Rockland's Leverage: The Power Plant
The Derrick, 3/15/02 By SHEILA BOUGHNER-BLAIR

Special thanks to The Derrick for permitting this story to be posted


While Rockland residents are reportedly eyeing a withdrawal from the Cranberry School District similar to that under consideration in Pinegrove, Rockland appears to have another power play up its sleeve as well: the Handsome Lake Energy power plant and its potential tax revenues.

As school directors attempt to decide what to do with the district's elementary buildings, the outlying communities appear to be scrambling for ways to save their schools from possible consolidation.

At the request of constituents, Pinegrove Township Supervisor Gene Miller is researching the possibility of the Pinegrove school seceding from Cranberry School District and joining a neighboring district. He said he has heard some Rockland residents are considering a similar move and a new alliance with Allegheny-Clarion Valley School District.

But while Rockland Township supervisor John Propst said he has heard no such talk, he pointed to the power plant instead.

"We just had a (township) meeting here and nobody's said anything about that (secession)," Propst said. "But right now, I think they'd be foolish to shut the school down. . . . This school's an asset to the community and we would like to keep it down here. With the new (power) plant, that's a big chunk of change to keep the school district running."

Under the reassessment, the natural gas-fired electricity generating plant near Kennerdell, hotly opposed by the Save Our Sanctuary citizens group and Rockland Township supervisors prior to its construction in 2001, was assessed at $28 million.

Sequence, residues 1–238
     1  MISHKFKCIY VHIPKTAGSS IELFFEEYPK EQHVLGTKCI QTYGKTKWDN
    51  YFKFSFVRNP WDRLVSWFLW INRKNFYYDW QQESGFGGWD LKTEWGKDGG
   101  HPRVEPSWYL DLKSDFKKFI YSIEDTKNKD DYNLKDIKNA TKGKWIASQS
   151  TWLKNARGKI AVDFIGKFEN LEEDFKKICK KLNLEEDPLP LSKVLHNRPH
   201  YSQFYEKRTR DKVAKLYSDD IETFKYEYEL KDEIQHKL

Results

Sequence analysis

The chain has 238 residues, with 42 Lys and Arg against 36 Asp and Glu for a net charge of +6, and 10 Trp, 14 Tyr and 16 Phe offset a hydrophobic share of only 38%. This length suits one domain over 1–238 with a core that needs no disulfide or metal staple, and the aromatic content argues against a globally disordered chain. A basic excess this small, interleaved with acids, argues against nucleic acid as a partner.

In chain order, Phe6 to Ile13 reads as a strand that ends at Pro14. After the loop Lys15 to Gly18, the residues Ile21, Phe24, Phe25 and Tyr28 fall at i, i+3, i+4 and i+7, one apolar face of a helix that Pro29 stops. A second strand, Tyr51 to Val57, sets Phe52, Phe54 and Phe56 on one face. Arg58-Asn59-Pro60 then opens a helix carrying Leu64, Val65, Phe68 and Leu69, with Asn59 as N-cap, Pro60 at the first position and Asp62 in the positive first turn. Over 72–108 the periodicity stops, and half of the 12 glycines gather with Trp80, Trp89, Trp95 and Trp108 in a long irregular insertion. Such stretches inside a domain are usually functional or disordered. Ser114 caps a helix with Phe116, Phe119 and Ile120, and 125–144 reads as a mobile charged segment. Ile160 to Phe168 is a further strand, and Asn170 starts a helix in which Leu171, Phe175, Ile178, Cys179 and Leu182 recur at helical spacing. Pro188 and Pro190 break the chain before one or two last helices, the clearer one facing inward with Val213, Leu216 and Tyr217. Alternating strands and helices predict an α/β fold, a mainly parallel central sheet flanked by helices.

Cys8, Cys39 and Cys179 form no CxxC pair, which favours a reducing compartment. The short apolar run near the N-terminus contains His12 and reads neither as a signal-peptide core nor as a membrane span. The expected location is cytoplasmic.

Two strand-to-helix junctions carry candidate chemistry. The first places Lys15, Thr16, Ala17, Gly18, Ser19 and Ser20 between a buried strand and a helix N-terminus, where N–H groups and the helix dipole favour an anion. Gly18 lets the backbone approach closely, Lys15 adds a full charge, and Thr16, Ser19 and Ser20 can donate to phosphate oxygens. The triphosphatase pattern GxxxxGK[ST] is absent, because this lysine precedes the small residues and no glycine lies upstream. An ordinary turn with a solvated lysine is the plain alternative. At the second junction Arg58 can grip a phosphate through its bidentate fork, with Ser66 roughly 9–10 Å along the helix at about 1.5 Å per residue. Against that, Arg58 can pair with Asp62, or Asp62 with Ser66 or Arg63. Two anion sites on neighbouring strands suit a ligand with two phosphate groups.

Plant officials have appealed that figure, and the final numbers will not be available until an appeal hearing, which will probably be held in October, according to Pat Bajorek, director of the Venango County Tax Claim Bureau. But whatever the final figure, the tax revenue produced by the plant will likely be enormous by local standards.

On the assessed value of $28,086,970, school district taxes would be $348,278.42, Bajorek said.

County taxes would be $143,805.28 and township taxes would be $29,013.84.

For the sake of comparison, Wal-Mart, assessed at $9,394,210, generates $116,488.20 in school taxes, $48,098.35 in county taxes, $16,158.04 in taxes to the township, according to the tax claim bureau.

While school district taxes all go into a common pot to fund the entire district, some Rockland residents feel they have some added leverage in district debates as a result of the township's now hefty tax base.